I am completely in love with Gordon Ramsay. He is tall and intimidating and he has great hair. I love it when he shouts. I love it when he curses. Sometimes when I am slicing potatoes and celery for a pot roast, I imagine Chef Ramsay shouting at me angrily. I can’t help but beam. “Wipe that stupid grin off your face!” imaginary Ramsay shouts at me.
But there is such conflict in his brow, such tenderness in his soft blue eyes! He calls women “love” and “darling” in this perfect, inoffensively sexist way, except in the kitchen, where he’s all growls and snarls and pepper and fire. But he looks so sheepish when he accidentally breaks a plate—he cannot stop apologizing. He tries to disappear, but he can’t, because he is over six feet tall.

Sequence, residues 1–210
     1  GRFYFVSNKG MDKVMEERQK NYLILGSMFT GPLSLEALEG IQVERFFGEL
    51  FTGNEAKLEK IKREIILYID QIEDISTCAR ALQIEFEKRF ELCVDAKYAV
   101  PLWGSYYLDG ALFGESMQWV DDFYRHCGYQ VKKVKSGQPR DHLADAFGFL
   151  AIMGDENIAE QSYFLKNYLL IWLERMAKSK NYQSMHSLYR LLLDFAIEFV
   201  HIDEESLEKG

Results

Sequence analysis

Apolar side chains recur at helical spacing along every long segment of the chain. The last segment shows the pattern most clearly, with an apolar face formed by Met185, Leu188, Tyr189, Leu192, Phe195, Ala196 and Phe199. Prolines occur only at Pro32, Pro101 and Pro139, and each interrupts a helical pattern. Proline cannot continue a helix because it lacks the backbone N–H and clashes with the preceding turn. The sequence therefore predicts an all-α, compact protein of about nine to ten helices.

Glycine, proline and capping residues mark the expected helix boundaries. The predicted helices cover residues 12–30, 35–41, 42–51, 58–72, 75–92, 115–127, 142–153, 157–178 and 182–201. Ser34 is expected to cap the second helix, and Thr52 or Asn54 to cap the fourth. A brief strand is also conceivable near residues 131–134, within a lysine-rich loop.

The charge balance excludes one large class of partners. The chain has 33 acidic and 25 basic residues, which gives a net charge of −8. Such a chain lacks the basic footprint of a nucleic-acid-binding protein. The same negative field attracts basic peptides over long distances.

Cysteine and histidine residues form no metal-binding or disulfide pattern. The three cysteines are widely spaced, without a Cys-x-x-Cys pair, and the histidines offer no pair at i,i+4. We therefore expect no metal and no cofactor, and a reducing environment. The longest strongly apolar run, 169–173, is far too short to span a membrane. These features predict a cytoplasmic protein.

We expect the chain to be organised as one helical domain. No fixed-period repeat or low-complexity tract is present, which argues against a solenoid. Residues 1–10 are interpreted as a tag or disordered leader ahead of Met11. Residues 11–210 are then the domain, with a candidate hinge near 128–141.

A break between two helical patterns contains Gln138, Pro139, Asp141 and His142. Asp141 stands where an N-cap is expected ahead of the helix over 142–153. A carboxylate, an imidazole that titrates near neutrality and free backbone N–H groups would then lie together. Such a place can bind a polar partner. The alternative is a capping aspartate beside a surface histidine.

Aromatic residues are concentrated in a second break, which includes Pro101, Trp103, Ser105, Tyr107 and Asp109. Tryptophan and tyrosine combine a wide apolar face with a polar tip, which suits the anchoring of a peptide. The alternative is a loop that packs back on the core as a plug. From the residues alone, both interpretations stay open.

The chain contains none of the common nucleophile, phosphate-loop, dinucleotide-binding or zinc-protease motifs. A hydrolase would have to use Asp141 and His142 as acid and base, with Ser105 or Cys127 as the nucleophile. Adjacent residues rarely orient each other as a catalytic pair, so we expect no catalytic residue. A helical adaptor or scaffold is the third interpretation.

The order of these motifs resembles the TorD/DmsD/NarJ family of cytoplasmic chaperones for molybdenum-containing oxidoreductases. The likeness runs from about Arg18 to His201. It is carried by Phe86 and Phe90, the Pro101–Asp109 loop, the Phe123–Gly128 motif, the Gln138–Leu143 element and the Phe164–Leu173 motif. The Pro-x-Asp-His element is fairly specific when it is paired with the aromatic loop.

In the kitchen, Chef Ramsay is a benevolent dictator. “Would you just listen to him!” I shout at the television defensively. I cry during every episode of Kitchen Nightmares, and also at one episode of The F Word, the episode where Gordon Ramsay has to decide whether to slaughter a pig. I cannot understand how he is capable of furrowing his entire face; my heart breaks.
I think the reason I prefer Hell’s Kitchen to all the American Idols and Top Designers is, I have no opinions whatsoever. In Hell’s Kitchen, the only person I’m cheering for is Gordon Ramsay. Every contestant is a mess, and it isn’t as if I can taste the paella the Red Team bungled (“This is shit! Utter shit! Take off your apron! Get out!”). Until Magnavox invents Smell-o-vision, I’ll have to take it on Chef Ramsay’s word alone that the Red Team’s paella is shit. My only opinion is Gordon Ramsay’s.
In fact, my Hell’s Kitchen fandom is wholly predicated on my trust in Gordon Ramsay. He is impeccable; he has perfect judgement.